I've never heard of a string breaking or a piano being damaged (i.e. actively needing to be repaired) after being prepared. That said, your question is the specific reason why many institutions / organizations do not allow their pianos to be prepared: they are afraid of the possibility of damage.
This is similar to a violinist refusing to play col legno with their $20,000 bow. Often times they'll whip out a cheap "beater" bow that they don't care about. Similarly with pianos, many institutions have less-wonderful pianos that they won't mind if they get damaged.
Will using screws 1 time to prepare the piano hurt the strings? Not likely. But doing it repeatedly, in the same locations, for long periods of time? I think about the most damage one would see would be that the strings wear out faster. At around $1000 to replace, not everybody can afford new strings.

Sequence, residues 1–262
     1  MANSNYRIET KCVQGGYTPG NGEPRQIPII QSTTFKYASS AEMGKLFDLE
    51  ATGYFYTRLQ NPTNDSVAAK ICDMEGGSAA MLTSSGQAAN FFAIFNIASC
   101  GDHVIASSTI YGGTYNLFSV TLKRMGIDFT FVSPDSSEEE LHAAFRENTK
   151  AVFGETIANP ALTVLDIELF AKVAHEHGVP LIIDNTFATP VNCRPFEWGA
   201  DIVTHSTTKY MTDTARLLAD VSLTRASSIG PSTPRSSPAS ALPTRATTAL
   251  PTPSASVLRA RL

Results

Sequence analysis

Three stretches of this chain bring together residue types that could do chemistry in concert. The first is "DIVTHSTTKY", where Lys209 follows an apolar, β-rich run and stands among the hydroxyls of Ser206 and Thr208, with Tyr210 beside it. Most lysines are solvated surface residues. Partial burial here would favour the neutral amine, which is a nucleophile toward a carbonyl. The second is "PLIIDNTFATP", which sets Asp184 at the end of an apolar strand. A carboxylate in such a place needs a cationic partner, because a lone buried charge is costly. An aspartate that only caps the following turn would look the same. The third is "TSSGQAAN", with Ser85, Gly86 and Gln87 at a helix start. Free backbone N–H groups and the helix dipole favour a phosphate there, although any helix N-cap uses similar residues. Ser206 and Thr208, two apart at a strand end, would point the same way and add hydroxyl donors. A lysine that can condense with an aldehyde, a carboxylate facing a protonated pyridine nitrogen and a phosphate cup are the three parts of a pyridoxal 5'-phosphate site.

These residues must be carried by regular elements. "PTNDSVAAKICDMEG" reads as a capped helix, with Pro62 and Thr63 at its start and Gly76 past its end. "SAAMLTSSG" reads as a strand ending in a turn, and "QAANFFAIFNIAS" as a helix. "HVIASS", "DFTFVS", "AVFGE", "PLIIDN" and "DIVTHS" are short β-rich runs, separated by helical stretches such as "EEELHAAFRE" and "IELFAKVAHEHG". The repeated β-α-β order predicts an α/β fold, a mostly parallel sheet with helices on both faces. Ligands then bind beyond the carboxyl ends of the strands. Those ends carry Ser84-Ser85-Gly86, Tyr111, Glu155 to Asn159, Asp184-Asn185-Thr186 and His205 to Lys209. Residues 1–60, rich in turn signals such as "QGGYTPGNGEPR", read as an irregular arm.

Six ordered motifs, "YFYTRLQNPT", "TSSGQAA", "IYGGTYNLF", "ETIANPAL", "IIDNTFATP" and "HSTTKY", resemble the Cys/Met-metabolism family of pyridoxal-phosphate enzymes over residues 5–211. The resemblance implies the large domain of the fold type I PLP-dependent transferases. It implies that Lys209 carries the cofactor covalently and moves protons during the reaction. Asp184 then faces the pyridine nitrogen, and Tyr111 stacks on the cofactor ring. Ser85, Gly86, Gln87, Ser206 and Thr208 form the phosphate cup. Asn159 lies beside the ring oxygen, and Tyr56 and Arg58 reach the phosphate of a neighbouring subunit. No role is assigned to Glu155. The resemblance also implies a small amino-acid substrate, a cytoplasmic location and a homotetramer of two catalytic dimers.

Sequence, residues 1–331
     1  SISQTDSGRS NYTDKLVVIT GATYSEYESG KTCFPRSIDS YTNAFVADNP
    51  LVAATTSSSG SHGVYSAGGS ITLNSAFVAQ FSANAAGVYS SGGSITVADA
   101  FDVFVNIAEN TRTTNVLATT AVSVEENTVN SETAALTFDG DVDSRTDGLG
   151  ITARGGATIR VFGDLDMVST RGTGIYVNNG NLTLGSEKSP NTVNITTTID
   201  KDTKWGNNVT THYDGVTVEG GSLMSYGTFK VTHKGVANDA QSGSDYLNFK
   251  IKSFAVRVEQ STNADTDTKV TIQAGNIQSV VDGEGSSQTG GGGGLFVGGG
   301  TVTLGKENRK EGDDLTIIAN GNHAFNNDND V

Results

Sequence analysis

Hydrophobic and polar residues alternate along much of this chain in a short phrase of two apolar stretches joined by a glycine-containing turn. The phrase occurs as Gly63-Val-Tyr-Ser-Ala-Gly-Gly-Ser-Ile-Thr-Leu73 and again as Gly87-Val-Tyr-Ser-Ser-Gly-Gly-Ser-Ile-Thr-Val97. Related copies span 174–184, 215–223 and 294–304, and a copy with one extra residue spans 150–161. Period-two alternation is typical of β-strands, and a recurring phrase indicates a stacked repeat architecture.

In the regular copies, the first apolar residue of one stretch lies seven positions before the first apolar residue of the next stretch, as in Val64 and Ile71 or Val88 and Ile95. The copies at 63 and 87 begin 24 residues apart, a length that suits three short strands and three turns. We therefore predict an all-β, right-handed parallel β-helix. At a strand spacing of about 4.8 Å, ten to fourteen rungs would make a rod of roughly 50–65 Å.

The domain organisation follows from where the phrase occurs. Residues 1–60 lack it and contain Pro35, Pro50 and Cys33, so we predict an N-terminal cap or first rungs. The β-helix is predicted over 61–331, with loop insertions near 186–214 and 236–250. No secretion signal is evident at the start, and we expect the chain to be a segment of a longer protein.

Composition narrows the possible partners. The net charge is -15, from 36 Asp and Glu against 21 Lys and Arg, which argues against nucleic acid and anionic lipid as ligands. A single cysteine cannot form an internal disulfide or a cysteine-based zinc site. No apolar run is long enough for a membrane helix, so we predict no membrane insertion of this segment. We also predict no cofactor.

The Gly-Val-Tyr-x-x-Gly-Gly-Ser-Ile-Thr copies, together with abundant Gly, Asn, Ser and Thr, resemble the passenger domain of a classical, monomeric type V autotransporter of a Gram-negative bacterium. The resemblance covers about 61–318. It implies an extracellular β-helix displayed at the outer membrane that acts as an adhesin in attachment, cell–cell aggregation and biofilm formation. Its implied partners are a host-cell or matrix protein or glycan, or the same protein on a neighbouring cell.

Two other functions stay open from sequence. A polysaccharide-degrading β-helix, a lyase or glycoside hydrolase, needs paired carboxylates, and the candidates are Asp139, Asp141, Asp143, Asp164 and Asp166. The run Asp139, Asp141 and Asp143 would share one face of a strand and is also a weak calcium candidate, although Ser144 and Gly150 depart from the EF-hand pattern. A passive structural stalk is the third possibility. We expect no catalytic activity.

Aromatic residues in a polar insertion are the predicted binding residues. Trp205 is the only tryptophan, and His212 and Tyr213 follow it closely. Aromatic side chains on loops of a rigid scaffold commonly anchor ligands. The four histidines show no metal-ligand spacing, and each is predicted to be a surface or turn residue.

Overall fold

That said, it also depends on what you use. Objects like pieces of paper, plastic straws, and paper or wood are all less harmful to the strings as their material is softer. Any object whose material matches or exceeds the strings in hardness will damage the strings (this same principle is used in percussion playing).
With screws specifically I think it would have most to do with thickness and with how pronounced the grooves are. A machine screw will affect the piano differently than a wood screw. Whatever you use, I fail to see how a performer might get injured (unless they're playing a piece where they frequently move from playing outside to inside the piano, violently and loudly).
Many performers shy away from this type of music because:
- It takes a lot of time to prepare a piano
- It's hard to find an available piano
- They themselves are afraid of damaging the piano